Retreat to the Lofoten Islands

Located in northwestern Norway, the Lofoten Islands are working hard to reach their remote location. The isolated islands are located north of the Arctic Circle and boast some of the most spectacular landscapes in the country. From steep mountain peaks to glacial waters, you will be amazed by its natural beauty, while the colorful fishing huts along the coast provide a picturesque backdrop. You can go canoeing, kayaking or hiking, and the guides will show you the best places to take photos.

Visit Stora-Shefallet

Stora-Shefallet Park, located in Swedish Lapland. It is so important that it has even become part of the UNESCO World Heritage List. An interesting feature of Stora Shefallet is its close proximity to the south of the Arctic Circle. The national park is only 20 km from one of the coldest parts of the planet. In Stora Chefallet you can see the "Queen of Lapland". This is a beautiful peak covered with glaciers. There are many waterfalls that are considered some of the most beautiful in Sweden. For many, the construction of a hydroelectric plant on the Luleelven River was an unpleasant surprise that significantly ruined the landscape. However, this in no way affects biodiversity. It is because of the flora and fauna that Stora Shefallet has become a national park and is now under heavy protection.

The fauna of the park includes more than 120 species of birds; here live foxes, deer, elk, bears and lynx. Tourists visiting the park can choose from a variety of ways to spend time. But the main advantage of Stora-Shefallet over other parks in the Scandinavian mountains is the possibility of organizing camping and collecting firewood. This doesn't seem like much, but many protected areas forbid even the approach of animals, which makes many photographers discouraged because they can't take great pictures.

Alas, even in such a place, passengers are forbidden to catch insects, fish, hunt, pick flowers, come into contact with animals or ride horses. Even if for some reason you come across dried flowers, it is forbidden to touch them. And even more to take with you. The staff of the park is very strict in terms of compliance with the rules, so you should not tempt fate, otherwise you will face large fines. And yet here you can completely spend time, relax your body and soul.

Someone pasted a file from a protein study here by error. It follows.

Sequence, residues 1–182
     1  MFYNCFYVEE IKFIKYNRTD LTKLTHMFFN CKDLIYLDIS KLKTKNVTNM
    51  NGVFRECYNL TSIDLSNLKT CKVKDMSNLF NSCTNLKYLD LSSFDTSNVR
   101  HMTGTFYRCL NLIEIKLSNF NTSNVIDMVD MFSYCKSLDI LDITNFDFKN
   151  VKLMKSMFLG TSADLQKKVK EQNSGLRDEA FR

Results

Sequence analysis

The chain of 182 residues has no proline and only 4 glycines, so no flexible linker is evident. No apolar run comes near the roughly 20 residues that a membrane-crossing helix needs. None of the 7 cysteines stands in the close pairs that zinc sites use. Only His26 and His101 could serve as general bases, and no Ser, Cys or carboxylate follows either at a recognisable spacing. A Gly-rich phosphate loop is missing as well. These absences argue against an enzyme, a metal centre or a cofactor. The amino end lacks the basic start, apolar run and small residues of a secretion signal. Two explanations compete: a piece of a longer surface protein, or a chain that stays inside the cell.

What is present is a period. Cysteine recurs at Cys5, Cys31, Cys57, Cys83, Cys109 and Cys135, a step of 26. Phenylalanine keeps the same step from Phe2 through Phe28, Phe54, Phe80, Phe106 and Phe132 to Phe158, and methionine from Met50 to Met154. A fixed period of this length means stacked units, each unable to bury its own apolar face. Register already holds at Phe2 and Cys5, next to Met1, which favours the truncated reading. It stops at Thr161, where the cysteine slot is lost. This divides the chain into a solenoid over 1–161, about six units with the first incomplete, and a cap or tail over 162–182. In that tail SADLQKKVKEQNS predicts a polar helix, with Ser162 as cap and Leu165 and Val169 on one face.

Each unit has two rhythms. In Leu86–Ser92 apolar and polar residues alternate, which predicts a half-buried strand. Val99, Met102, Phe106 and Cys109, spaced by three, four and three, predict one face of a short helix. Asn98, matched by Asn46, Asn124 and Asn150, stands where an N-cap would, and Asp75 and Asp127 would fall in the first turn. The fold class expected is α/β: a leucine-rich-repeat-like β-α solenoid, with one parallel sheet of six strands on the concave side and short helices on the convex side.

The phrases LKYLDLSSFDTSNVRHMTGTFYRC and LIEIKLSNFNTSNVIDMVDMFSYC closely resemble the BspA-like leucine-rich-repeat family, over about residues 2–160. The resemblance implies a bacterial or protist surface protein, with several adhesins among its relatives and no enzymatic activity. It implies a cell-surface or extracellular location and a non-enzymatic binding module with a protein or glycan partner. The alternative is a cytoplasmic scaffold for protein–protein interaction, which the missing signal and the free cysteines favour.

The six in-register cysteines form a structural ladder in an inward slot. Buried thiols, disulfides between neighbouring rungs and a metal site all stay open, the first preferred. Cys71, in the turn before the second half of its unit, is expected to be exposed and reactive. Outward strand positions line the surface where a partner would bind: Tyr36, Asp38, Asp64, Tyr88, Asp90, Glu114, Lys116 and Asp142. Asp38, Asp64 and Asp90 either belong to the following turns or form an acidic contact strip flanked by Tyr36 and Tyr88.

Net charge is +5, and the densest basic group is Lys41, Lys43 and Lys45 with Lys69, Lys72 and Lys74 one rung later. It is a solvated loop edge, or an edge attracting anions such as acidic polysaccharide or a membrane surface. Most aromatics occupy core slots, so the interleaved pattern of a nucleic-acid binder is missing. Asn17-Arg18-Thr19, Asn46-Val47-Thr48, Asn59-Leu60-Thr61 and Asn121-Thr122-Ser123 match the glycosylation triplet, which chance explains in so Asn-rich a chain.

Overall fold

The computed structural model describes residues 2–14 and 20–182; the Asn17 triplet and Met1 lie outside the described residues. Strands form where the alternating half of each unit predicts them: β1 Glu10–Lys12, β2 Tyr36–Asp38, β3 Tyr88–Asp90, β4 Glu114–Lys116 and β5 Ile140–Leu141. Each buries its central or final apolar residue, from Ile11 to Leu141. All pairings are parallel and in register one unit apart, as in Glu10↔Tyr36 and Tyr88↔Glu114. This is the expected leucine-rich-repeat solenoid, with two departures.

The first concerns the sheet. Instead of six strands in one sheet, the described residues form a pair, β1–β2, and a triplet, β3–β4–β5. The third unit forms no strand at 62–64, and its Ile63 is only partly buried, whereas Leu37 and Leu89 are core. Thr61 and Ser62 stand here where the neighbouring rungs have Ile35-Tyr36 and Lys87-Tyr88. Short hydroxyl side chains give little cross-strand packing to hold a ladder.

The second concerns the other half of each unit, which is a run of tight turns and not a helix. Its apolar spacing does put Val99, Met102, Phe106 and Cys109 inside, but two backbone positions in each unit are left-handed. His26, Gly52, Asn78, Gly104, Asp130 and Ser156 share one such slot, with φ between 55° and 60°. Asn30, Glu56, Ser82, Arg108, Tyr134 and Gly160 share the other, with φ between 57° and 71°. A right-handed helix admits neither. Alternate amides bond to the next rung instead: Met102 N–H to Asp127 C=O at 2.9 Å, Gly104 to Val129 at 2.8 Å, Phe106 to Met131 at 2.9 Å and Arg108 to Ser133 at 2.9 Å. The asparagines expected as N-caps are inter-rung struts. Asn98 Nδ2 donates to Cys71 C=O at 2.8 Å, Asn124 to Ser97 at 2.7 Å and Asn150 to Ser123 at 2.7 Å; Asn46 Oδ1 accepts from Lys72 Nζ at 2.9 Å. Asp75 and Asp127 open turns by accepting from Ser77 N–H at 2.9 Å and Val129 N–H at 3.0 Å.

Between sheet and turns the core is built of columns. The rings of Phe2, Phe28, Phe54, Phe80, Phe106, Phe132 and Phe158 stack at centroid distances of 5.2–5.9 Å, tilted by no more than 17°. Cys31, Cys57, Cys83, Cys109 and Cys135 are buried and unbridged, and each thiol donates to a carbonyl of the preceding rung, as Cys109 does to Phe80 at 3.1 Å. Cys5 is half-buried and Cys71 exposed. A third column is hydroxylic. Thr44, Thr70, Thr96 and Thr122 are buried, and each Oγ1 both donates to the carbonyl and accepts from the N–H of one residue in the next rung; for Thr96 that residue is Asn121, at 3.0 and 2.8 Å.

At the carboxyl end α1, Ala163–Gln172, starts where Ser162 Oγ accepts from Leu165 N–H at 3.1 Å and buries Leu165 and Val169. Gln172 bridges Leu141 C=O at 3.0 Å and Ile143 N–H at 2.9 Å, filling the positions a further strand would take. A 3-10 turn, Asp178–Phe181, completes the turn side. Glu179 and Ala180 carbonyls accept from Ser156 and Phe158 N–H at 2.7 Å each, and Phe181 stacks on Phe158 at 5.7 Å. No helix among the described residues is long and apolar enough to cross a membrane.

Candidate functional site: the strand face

What kind of weather to expect?

The climatic conditions are quite severe. They can be classified as continental, in January the temperature drops to -10°C, and in summer the maximum temperature is maintained at 15°C. Precipitation occurs quite often, so that their total volume reaches almost 2000 mm per year. It should be borne in mind that the climate in the Scandinavian mountains is highly dependent on the latitude. For example, in northern latitudes the weather is much colder; January temperatures are maintained below 20°C. The massif itself is a natural barrier that separates the boundaries of oceanic and continental climates. Therefore, the summer here is humid, but in some areas in July there may be real heat. This is especially true for valleys stretching from east to west.